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Logistics and global economy top concerns of fine wine merchants

Logistics and supply-chain issues and the down-turn in the global economy are the top concerns among traders of fine wine, an annual survey of Liv-ex members has found – although many remained “cautiously optimistic” despite the challenges.

The survey, which took place in November, canvassed Liv-ex’s 625 members in 44 countries ranging from start-ups to very well established historic merchants.

It found that more than 54% of respondents believe the global economy will remain the market’s biggest challenge in 2023, with just under a third (30%) arguing that a global economic downturn and regional recessions was likely to impact the market and 20% concerned about currency volatility.

Logistic and supply chain issues are the second most cited macro-challenge, mentioned by 16% of respondents. Additional paperwork due to planned UK duty changes and labelling was mentioned by some, while others referenced the ongoing disruption to Chinese imports.

However, there was also some cautious optimism to be found – with merchants reporting increasing demand for Burgundy, Bordeaux, California, Piedmont, and Champagne.

Burgundy was the region cited as in most demand by 41.8% of respondents, not helped by its low yields and restrained releases, followed by Champagne (40%), which provided “substantial investment growth”, driven by high demand for vintage champagne and decreasing supply.

This was ahead of Bordeaux, which was indicated that it was the most in-demand region by 9% of those surveyed, ahead of  Tuscany (3.6%), California (3.6%), and whisky (1.8%).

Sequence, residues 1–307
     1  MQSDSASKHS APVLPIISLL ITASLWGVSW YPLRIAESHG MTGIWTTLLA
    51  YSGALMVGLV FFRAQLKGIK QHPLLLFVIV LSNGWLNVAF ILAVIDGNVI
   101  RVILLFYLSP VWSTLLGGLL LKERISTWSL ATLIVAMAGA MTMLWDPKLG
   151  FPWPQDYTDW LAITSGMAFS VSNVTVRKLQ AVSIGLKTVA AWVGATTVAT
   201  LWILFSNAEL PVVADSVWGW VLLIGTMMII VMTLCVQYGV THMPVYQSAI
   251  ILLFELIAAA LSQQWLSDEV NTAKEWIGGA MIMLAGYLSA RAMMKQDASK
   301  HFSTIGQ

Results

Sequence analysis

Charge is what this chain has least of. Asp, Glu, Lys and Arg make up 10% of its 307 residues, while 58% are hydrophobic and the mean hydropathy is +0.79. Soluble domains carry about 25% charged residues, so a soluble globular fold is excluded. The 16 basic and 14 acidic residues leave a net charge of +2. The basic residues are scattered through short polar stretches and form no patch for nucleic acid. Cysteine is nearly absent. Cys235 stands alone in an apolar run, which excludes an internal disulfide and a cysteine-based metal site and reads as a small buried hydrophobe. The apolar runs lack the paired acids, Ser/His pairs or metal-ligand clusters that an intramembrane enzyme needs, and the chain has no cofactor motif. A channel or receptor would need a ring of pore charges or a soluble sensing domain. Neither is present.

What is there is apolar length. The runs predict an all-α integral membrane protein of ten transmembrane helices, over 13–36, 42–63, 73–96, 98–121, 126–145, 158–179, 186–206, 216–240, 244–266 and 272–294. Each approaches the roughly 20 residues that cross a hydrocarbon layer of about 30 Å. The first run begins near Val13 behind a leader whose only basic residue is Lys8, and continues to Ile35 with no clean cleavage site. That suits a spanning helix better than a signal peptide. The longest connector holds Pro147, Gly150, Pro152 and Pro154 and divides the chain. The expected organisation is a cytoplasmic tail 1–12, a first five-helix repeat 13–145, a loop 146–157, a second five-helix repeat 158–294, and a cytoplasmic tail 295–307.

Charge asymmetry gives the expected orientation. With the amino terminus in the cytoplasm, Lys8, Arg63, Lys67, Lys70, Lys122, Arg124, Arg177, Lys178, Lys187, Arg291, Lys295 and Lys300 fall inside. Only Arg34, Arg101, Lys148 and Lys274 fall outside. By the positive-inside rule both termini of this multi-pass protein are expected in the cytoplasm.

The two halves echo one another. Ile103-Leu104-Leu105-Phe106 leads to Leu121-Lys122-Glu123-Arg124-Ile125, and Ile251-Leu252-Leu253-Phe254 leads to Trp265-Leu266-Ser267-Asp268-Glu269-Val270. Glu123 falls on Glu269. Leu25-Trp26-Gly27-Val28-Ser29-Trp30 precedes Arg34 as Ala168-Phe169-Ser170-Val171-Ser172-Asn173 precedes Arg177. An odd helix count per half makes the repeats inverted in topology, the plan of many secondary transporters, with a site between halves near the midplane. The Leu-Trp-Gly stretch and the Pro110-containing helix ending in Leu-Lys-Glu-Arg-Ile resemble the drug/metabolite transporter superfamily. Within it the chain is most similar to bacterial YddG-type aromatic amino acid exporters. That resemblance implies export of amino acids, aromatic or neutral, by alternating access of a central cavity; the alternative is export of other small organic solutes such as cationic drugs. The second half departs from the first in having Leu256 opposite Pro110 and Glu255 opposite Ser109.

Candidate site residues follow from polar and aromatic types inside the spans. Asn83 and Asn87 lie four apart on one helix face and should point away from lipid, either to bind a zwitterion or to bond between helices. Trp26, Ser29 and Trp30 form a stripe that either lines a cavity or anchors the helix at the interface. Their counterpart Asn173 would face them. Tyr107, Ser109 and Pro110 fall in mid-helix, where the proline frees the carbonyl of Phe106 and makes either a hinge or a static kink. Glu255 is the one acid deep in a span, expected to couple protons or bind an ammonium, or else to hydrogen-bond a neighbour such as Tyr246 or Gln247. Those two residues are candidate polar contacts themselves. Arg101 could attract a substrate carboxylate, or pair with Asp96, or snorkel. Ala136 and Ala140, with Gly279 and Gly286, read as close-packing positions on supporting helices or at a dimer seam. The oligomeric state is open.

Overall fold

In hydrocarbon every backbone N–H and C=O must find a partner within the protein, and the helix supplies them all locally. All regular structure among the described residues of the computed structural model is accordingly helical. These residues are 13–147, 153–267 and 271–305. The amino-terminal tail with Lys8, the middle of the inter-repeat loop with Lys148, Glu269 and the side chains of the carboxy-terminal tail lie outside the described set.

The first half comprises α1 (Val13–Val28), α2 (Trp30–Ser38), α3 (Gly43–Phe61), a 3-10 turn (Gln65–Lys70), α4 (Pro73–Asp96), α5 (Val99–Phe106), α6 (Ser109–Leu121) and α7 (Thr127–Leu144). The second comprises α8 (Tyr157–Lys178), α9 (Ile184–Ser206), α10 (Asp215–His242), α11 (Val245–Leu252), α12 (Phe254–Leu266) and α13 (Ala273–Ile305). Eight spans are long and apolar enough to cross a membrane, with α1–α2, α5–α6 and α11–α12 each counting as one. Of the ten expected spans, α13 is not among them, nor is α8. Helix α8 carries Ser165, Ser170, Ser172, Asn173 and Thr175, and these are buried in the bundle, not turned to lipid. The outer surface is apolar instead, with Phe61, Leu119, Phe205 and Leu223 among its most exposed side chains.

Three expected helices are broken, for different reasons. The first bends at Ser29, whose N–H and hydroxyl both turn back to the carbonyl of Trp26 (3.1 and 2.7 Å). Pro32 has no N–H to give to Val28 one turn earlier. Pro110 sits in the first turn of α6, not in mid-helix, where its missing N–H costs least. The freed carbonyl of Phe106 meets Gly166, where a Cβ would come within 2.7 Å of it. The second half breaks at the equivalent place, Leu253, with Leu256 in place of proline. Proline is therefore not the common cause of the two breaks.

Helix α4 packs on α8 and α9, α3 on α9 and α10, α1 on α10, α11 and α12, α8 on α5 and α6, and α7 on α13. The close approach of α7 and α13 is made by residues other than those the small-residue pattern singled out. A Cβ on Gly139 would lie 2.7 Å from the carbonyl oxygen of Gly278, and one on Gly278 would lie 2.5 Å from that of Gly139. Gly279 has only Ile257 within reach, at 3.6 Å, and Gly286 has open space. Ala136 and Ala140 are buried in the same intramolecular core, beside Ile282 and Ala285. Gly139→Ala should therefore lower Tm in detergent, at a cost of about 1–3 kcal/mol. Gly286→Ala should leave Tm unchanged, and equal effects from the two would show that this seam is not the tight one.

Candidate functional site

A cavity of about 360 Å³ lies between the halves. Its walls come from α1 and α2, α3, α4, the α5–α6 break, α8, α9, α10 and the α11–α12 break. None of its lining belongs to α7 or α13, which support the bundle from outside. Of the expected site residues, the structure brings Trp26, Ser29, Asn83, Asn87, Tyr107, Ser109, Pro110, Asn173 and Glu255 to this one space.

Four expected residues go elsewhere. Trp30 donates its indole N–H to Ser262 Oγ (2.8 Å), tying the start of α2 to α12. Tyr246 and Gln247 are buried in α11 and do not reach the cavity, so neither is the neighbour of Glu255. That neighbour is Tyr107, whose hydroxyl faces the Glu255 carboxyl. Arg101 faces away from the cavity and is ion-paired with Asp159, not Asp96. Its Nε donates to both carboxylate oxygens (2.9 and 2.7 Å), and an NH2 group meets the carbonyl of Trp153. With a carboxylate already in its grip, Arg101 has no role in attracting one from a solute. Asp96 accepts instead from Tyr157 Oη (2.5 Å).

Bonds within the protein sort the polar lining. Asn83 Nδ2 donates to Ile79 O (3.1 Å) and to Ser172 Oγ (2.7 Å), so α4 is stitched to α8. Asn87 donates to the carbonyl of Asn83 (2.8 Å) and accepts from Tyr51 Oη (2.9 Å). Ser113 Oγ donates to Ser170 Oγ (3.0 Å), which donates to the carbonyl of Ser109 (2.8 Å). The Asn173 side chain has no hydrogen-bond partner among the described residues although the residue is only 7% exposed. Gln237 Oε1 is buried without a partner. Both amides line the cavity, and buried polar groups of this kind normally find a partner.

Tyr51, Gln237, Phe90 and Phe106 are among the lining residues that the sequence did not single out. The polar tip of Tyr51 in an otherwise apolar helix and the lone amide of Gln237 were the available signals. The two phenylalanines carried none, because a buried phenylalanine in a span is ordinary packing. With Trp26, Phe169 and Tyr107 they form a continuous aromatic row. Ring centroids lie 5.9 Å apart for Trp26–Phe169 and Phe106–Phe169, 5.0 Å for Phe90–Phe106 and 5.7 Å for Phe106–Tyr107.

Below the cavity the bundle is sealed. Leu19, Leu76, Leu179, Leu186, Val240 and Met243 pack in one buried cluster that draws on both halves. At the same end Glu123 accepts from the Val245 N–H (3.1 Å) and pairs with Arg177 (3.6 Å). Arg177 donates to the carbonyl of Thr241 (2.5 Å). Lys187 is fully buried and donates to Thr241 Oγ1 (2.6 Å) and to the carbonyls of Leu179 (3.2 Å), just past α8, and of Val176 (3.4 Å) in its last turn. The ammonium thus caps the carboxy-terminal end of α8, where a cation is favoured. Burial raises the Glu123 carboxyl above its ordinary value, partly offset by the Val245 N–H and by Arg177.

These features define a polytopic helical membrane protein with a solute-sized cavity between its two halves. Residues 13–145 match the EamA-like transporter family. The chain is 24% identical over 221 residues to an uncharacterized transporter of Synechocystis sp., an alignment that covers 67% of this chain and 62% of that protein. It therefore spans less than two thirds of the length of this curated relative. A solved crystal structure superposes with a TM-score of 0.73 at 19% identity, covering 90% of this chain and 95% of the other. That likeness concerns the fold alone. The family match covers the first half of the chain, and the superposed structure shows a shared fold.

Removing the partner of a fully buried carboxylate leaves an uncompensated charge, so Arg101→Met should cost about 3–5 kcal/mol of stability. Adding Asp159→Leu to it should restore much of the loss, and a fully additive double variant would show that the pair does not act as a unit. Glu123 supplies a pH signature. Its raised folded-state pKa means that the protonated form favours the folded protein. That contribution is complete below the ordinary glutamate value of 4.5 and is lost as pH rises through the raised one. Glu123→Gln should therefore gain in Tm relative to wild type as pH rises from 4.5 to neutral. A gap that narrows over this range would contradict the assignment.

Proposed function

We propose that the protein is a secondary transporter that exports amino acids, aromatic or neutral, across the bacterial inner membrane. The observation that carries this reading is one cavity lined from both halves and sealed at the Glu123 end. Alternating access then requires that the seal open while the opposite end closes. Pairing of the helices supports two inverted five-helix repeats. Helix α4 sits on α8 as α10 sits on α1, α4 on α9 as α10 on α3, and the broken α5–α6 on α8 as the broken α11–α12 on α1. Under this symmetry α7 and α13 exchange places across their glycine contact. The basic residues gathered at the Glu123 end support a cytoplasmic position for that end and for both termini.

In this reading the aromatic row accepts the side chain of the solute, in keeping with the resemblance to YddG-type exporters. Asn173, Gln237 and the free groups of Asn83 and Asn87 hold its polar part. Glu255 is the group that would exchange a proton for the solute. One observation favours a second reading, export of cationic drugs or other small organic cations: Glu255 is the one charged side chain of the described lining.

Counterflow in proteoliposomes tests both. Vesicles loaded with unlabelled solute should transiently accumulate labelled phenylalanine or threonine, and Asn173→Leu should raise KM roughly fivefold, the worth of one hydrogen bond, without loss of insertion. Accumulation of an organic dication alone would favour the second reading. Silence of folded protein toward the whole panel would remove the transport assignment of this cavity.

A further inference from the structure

In terms of increased demand, 9% said Champagne had seen more sales, along with 5% citing Californian. Meanwhile customers appeared to be were spending more on average but merchants explained that this was due to greater focus on quality rather than greater volumes.

Looking forward, around 14% of respondents expect some sort of price correction on Burgundy wines,  as the current prices are not sustainable in the long term. In terms of Bordeaux, the outlook is mixed, with 7% forecasting a resurgence and greater demand for the region, while an equal amounts of respondents argue that Bordeaux will and will not have a successful 2022 En Primeur campaign.

Meanwhile, 60% of those surveyed expected the Liv-ex Fine Wine 100 Index – the top 100 wines on the market – to rise in 2023, with some estimating a rise of around 45%, although the most pessimistic cohort predicted a drop of 28%.

CEO James Miles said the snapshot represented “the best possible barometer of market sentiment” and he was delighted that their outlook appears cautiously optimistic, despite the challenges faced by everyone.


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